75th anniversary, 1927
The Anniversary Appeal
The 75th Anniversary Appeal for £250,000 was launched on on 8 July 1927 and concluded on 11 October 1928, the date of the 76th Anniversary.
- Background to the appeal
- Planning the appeal
- The 75th Anniversary Appeal, 1927 - 1928
- Some fund-raising events
The University is still badly in want of funds, in order to maintain its present standard of efficiency in the teaching of students and to administer properly its many other needs. The erection of new buildings (some of which have been left uncompleted owing to lack of funds) to give adequate accommodation to students, has placed an added burden on the finances for equipment, additional staff and yearly upkeep. A contributing factor to the present position has been the increase in wages of approximately £8,000 per annum of laboratory attendants and assistants since 1922.
It has not yet been possible to restore the vote from the McCaughey Fund for scientific research, which was suspended in 1923, and many requests from the various departments throughout the University for necessary apparatus, material and additional staff have had to be refused for lack of funds.
Shortly after the war, there was an abnormal increase in the number of students attending at the University, the natural outcome being a steady drop in numbers since 1920 on the completion of their courses by these students. Bedrock appears to have now been reached in this direction, and a slight yearly increase in numbers should be looked for in the future.
In an endeavour to improve the financial position, the Senate in 1926 reluctantly imposed a General Services Fee of 10 shillings per term on all students proceeding to a degree or diploma. This was found to be inadequate, and was raised to 1 pound 1 shilling per term in 1927. The imposition of this fee is a temporary measure, which it is proposed to withdraw as soon as the finances of the University will permit.
(From the 1927 Senate Annual Report)
The University grounds, as the 'Varsity authorities would be the lirst to admit, are unworthy of the institution they encircle. There is ample excuse for their shortcomings. The Universlty has done its best, but its resources are quite insufficient for the purpose. The grounds are extensive, and require a large staff to keep them in decent order, let alone to make them a thing of beauty. But money that might have gone to pay such a staff has had to be diverted to meet more urgent demands. The few hands that can be employed are incapable of coping with the task, and, in consequence, the grounds, to put it bluntly, have a forlorn and shabby air.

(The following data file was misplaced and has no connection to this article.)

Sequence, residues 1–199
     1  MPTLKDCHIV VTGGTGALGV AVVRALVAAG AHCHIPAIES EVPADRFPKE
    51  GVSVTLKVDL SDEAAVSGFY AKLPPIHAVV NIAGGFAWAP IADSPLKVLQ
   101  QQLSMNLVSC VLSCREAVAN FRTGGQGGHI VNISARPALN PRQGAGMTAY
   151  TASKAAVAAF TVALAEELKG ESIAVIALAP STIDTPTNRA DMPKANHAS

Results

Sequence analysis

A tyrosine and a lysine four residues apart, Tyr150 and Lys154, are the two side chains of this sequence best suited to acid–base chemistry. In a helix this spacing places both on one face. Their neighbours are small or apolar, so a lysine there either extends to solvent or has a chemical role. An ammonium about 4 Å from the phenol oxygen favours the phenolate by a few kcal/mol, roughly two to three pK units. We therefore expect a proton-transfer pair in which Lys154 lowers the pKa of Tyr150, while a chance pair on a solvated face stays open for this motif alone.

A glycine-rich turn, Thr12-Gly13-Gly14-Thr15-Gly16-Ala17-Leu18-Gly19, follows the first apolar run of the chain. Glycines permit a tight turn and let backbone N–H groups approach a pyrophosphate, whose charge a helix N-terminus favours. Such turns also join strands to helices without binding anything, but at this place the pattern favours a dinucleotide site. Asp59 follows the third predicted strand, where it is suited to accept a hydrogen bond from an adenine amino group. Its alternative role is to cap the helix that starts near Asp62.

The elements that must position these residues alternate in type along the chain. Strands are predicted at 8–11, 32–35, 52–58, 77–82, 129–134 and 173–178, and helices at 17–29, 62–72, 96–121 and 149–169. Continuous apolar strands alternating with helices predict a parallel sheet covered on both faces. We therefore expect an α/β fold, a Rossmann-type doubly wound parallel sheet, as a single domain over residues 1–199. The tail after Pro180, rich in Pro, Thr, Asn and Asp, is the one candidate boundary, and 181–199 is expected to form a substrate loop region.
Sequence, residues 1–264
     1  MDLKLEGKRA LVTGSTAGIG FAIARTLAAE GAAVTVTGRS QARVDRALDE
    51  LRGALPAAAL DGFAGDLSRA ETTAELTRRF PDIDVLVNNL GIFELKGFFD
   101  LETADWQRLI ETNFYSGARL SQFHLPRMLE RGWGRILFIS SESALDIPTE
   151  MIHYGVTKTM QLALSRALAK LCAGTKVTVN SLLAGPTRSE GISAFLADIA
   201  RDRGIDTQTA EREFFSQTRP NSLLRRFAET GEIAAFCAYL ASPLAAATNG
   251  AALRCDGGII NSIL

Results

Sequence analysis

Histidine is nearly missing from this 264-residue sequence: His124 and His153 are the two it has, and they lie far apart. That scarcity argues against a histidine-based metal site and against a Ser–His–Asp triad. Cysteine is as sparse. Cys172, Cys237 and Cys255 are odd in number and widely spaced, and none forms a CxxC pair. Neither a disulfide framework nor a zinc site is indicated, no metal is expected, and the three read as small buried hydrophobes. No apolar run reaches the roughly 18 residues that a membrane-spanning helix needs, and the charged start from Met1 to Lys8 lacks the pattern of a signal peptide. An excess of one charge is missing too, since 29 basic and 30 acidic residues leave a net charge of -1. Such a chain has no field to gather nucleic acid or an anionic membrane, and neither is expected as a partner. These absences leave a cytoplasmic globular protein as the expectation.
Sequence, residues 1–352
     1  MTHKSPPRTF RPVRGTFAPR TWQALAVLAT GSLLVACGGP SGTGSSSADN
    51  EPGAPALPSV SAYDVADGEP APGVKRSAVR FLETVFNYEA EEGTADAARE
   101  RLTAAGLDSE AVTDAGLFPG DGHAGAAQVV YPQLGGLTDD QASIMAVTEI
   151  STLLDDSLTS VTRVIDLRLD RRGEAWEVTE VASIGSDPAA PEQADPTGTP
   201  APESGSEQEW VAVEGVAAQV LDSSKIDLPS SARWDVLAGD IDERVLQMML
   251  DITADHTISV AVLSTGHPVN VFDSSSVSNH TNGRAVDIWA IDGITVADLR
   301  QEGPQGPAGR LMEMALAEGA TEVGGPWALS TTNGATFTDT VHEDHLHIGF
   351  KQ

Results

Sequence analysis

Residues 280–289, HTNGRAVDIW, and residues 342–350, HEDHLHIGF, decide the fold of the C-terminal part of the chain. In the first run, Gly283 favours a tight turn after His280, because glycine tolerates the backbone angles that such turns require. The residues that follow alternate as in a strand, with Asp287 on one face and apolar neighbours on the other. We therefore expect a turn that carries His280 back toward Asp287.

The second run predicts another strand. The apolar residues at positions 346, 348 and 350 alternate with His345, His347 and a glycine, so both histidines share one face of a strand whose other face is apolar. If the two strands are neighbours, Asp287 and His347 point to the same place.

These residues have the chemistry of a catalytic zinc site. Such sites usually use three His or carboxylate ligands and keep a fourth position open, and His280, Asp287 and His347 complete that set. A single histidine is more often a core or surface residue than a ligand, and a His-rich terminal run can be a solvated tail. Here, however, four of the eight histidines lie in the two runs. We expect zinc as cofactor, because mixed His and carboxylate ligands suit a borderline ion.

The grounds of the University of Sydney are not in jeopardy, but the idea underlying this phase of the appeal is similar to that which prompted the creation of the Oxford society. The goal is beauty, which elevates and inspires. Those grounds are open to all, and now that the carillon is installed they will be visited by larger numbers. Let us help to make them a verdant oasis in a desert of bricks and mortar. The first university was the garden of Academia, famous for its groves, in which Plato lectured. Let our southern Academia also have its groves and its blossoming gardens to which our citizens will repair for pleasure and refreshment.
(From the 'Sydney Morning Herald', 23 June 1928, courtesy of NLA Newspapers)
At the suggestion of the Vice-Chancellor, an Anniversary Appeal Committee was established by the Senate on 13 December 1926 to consider the question of making an appeal to graduates and friends of the University on the occasion of the 75th Anniversary of the establishment of the University.
The Committee submitted the following recommendations to the Senate:
- That to mark the occasion of the 75th Anniversary of the establishment of the University an appeal be made to graduates and friends of the University for financial assistance, the appeal to specify some of the most urgent needs of the University.
- That, without suggesting any order of preference, particular reference be made in the appeal to the needs of the following:
(a) The Library.
(b) Roads and grounds.
(c) Increased efficiency in the several University Departments.
(d) Sporting activities for the undergraduates.
The Committee was to raise funding for the University through publicity and to oversee the appeal and ensure that it was conducted correctly. The money was required to clear a deficit of £8000 amassed by the University, also to ‘meet urgent capital expenditure of a non-recurring nature’ and to provide an endowment to increase revenue for general expenditure.
The Committee was made up of the Vice-Chancellor, Sir Mungo MacCallum, and various members of the University staff and supporters of the University.
Professor E R Holme was relieved of his professorial duties and appointed as Director of the Appeal.
The public appeal for £250,000 was begun at a meeting held in the Sydney Town Hall Vestibule on 8 July 1927.
Co-operation of many leading authorities in finance, business and education was obtained, and support came from many generous friends and members of the University. The fund began with £10,000 from the Sydney Morning Herald, and £500 from the Hon Mr Justice Davidson, a distinguished graduate.
The early course of the appeal was marked by two important events at the University the Exhibition Week and the Anniversary Dinner in the Great Hall.
The appeal concluded on 11 October 1928, the date of the 76th Anniversary.
Fund-raising events for the Appeal included:
- The Sports Union's fete, 10 September 1927 ... details
- Lyceum Club's Literary Dance, 18 November 1927 ... details
- Deewhy Choral Society's University Appeal Concert, 3 April 1928... details
- The University of Sydney pageant and mask, 8 to 12 May 1928 ... details and photos